As it waited on a decision on its operating licence Jetstar Hong Kong has gradually sold all bar one of the nine new Airbus A320s it had acquired.

Plans to launch a Jetstar affiliate in Hong Kong were first announced in March 2012, at which point flights were to begin in 2013.

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8 Comments

  • Rumsey

    says:

    hardly surprising, what a lot of wasted Qantas money has been poured into this.

  • Raymond

    says:

    So we seem to bend over backwards to accommodate the Chinese in many respects (Hong Kong is part of the PRC), but when it comes time to reciprocate a little, nup, doesn’t happen.

  • Craigy

    says:

    Hong Kong is a special economic area which has effectively its own laws etc. This was a part of the agreement for the transfer back to China

  • Philip Smith

    says:

    Just looked up ownership of Cathay Pacific and Swire Group is 45% shareholder.
    Last time I looked Swire was a British company.
    So a major shareholder is Foreign Company.
    More than what Qantas would be in this venture.
    So I say no more.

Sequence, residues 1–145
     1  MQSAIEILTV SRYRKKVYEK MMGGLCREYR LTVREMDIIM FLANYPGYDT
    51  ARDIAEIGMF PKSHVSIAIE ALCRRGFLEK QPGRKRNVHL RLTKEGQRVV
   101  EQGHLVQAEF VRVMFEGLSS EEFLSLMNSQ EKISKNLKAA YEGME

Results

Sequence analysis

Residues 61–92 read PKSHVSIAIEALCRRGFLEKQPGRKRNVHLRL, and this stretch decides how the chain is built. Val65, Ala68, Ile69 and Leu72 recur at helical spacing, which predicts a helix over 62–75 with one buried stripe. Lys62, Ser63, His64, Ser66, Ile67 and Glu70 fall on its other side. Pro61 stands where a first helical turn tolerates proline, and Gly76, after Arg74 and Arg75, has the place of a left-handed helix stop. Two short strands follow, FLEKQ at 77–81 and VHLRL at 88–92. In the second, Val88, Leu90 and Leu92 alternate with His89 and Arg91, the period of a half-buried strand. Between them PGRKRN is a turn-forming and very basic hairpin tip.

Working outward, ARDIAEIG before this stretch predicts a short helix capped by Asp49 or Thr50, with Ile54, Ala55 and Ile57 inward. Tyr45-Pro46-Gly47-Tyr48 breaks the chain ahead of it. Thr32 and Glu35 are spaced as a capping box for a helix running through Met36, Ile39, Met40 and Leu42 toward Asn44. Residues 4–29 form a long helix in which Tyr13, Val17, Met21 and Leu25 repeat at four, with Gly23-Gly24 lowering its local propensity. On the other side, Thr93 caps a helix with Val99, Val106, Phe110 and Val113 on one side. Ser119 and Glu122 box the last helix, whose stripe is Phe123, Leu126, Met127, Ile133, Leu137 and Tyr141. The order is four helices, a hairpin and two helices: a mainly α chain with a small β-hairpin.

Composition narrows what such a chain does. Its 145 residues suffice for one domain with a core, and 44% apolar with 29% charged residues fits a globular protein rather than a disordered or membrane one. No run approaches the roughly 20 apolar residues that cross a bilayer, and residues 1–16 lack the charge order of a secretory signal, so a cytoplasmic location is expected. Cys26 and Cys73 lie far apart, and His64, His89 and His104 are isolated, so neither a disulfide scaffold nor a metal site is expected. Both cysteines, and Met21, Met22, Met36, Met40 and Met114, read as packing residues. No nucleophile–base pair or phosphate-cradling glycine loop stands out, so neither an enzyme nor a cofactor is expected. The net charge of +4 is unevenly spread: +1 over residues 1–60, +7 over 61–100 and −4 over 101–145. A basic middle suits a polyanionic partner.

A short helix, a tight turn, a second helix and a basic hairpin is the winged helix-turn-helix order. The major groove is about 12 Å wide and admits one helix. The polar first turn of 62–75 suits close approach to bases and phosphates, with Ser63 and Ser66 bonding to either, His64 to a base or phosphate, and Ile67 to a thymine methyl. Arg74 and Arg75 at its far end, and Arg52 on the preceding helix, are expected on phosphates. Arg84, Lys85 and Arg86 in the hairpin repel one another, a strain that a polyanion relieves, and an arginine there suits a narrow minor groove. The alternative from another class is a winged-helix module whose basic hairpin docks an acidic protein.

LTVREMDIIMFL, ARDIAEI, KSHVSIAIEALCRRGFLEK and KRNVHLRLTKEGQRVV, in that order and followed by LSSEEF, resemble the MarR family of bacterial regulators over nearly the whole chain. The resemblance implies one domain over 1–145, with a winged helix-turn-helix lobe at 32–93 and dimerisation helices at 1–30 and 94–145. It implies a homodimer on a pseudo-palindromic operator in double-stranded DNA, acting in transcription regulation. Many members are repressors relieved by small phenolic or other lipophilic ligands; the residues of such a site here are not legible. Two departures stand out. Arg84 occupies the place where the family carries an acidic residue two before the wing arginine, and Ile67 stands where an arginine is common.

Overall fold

• John Harrison

    says:

    Well Well Alan Joyce, do you get the message now. You tried and wasted a hell of lot of Qantas money doing it. Give up now and get back to improving Qantas and its overseas brand. You always show your true colours with all the effort you always put into Jetstar brand.
    Lets hope some sense returns to the Qantas brand and the public can believe in Qantas again instead of always pushing Jetstar.

  • Vincent

    says:

    Just my opinion….

    When Hong Kong was founded in 1842. She was British. When the Communist came into power in 1949, they had been bullying the UN and British to return HK to China. If that not gonna happen, they would use forces to taking HK back. While the treaties about HK were kept safely in Taipei, Taiwan, Republic of China. Enough history there…

    Agreed with Rumsey, a company which had no direct connection in Hong Kong and co-operating with another foreign company whom is not even based in Hong Kong, I just can’t see any sense out from this. Even the chinese still has to stick with all the Common Laws and other Business laws in Hong Kong, which is totally different to that in the communist state.

    Getting a Hong Kong company to joining the party at later stage is just a big no no.

    Simple Business mistake I would say from day 1.

    Swire is a British company and Cathay was founded when Hong Kong was still British, so that make sense.

  • Andrew

    says:

    Cathay like Emirates is a protected company. So unlike Qantas. Why does Australia consider more open skies when most other states offer unashamed protectionism?

  • Sean

    says:

    I think this is great news, It’s time Qantas started looking inwards to their own prime airline without wasting so much money on useless projects and trying to drown out every other competitor by flooding the market. Surely they would have seen from the start the chances of starting an airline in Hong Kong when the primary place of business for Jetstar is based in Melbourne. just seems absolutely crazy.